'I find it hard to watch my own films. I prefer to watch my face when it is covered with some facial hair.'
'I like certain moments in my films. Most of them are in Lootera.'
Ranveer Singh talks about his movies.
Ranveer Singh doesn't like watching himself on the big screen. He prefers watching his rumoured girlfriend Deepika Padukone, or even other actors like Alia Bhatt, Irrfan and Nawazuddin Siddiqui.
The actor admits that his acting style has changed a lot through the years, and he credits his Lootera director Vikramaditya Motwane and Goliyon Ki Raasleela Ram Leela director Sanjay Leela Bhansali for that.
This week, we will see the actor in his next release, Dil Dhadakhne Do, directed by Zoya Akhtar.
He talks to Patcy N/ Rediff.com about his movies, and what brought stability to his performances.
What makes you so energetic all the time?
I naturally have a lot of energy. I never thought about it before, but a lot of people are saying it.
When I was a kid, teachers wrote on my report card that he has got a great amount of energy, is gregarious, garrulous, vivacious... So nothing has changed; I have always been like this.
I think it's because of the zest I have for everything I do. I believe we have one life and there is too little time and too many things that I want to do. So I try and do as much as I can.
I believe life comes with no guarantees. I once broke my back and I didn't know whether I was going to work ever again. So everything I do, I treat it like it's my last.
If I am working out, it's my last workout ever, if I am hanging out with my friends, I think this is the last time I am meeting them, because, god knows, I have had experiences where it literally was the last time that I saw my friend.
Everything I do, I approach it with the sense that I will never be able to do this again -- this film, this shot, this performance.
Therefore, I put everything into it and that translates into energy.
Don't you have bad days?
I feel like I need to be positive so that I can spread the happy vibes.
I do get affected sometimes, but I try and get over it as soon as possible; I don't wallow in melancholy.
Also, I eat lots of chocolates (laughs) that keep me very happy.
Do you think you have changed as an actor from the time you started out in Band Baaja Baaraat?
Yes, I have changed completely.
In the initial stages of my career, everybody kept telling me I lacked a thing called therav (stability).
That's why I chose Lootera. That was the turning point for me. It was very challenging. I had never attempted a part like that.
I learnt a lot from Lootera and, later, working with (Sanjay Leela) Bhansali in Ram Leela.
There is a lot to learn from Zoya (Akhtar, director of Dil Dhadakne Do) and her style and from the other actors around me in the film.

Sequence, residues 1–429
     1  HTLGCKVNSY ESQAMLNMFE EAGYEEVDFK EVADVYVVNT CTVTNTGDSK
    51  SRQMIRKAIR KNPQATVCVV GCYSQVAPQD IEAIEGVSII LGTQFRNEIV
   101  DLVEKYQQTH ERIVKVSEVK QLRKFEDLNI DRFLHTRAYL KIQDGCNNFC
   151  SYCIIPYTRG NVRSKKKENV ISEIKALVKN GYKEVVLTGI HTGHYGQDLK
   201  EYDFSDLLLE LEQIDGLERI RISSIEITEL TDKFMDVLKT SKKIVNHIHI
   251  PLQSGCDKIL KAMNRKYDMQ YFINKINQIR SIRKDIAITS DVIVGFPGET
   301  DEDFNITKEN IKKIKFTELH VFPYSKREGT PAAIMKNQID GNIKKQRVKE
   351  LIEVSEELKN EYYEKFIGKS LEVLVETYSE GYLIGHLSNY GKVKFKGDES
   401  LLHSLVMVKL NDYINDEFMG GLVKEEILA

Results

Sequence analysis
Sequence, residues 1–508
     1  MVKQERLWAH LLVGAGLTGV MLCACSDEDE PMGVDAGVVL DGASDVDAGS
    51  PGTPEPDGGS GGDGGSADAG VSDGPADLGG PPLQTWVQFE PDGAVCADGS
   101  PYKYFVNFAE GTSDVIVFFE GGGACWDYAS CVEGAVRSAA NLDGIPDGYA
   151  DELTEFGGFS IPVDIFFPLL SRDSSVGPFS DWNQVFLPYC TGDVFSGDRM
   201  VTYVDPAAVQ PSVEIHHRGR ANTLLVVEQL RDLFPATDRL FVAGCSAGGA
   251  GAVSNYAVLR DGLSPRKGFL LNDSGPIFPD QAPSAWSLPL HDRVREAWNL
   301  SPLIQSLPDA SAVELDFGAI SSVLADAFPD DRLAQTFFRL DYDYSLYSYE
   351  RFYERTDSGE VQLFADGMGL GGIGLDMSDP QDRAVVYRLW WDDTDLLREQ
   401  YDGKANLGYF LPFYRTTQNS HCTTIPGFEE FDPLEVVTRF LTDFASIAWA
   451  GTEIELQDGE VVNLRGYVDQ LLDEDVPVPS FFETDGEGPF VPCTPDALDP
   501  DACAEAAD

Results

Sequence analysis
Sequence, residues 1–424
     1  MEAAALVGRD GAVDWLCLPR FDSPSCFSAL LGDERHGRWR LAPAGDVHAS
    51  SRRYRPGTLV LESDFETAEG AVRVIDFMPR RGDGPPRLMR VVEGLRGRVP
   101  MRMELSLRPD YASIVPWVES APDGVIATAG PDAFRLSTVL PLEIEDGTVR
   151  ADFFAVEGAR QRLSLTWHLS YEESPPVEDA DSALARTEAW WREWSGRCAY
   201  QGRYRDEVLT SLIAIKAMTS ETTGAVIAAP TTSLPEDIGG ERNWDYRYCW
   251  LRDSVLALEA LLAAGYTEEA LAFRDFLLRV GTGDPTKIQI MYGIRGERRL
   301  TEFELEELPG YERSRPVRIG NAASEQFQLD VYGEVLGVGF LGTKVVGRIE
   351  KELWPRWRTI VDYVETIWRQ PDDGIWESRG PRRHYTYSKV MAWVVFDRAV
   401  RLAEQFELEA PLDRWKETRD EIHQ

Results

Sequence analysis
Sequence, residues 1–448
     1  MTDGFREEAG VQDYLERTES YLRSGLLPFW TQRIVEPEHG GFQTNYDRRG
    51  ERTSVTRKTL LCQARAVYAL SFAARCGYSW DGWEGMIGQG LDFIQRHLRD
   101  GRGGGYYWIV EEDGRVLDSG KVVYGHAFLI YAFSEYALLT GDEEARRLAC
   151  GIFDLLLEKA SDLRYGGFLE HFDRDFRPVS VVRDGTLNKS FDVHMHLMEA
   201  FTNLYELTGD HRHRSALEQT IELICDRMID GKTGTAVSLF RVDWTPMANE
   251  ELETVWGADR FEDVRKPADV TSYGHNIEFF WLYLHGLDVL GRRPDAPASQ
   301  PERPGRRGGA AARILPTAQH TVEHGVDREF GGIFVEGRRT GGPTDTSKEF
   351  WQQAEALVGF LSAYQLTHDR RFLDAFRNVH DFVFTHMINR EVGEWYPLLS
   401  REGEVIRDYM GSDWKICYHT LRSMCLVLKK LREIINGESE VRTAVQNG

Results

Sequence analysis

Band Baaja Baaraat was my first film and obviously my biggest learning curve. I hope to continue learning.
I have done films that didn't challenge me. I was terrible in them. Just the fact that they didn't teach me anything is a waste.
How much have you changed in these years?
In Band Baaja Baaraat, I was completely over-rehearsed, though it may not seem like that.
My directors Maneesh (Sharma) and Vikram (Motwane, Lootera) used to complain that I had come so prepared and rehearsed to the sets of their films that it was very difficult to change anything if they wanted to!
I was too rigid at that time. I needed to adapt and that is what I learnt on the sets of Ram Leela.
Mr Bhansali does not decide what he is going to do. He just throws you into the water and asks you to swim.
You may not even know what emotion is attached to a particular scene. He may make a happy scene into a melancholic scene and turn it on its head on the day of shooting itself.
You cannot possibly prepare because that is not Mr Bhansali's style. He creates on the set.
Through that process, I learnt how to be instinctive and be spontaneous. You only get that after you gain confidence in your craft. And the validation is when you have a hit film and people appreciate your performance.
Now it's reached a stage where I was preparing for Bajirao Mastani and Mr Bhansali and I didn't do a single reading.
It's perhaps the biggest movie of Hindi cinema and he doesn't know who Bajirao is, what he sounds like, what he walks like, what he talks like, what he sits like, stands like.
I locked myself in a room for three weeks and I came out and went straight onto the set and stood in front of the camera. The camera rolled and I said my dialogue and he said okay. So it's that level of faith he has in me.
I have learnt to trust myself and my abilities. I used to function out of nervous energy. That's probably why I was so over-energetic in Band Baaja Baaraat, because I was so nervous.
Now I have become more confident with my craft, and more comfortable.
From being somebody who would be able to read out the script backward in my sleep, I don't even look at the script the night before or morning of the shoot.
It's a huge evolution for me.
Bombay Velvet is also a period film and a lot of effort has gone into the making of it, but it hasn't connected with the audience. Are you worried that audiences will not take to Bajirao Mastani, which is also a period film?
They are two completely different films. Different films, different scripts, different directors, different periods…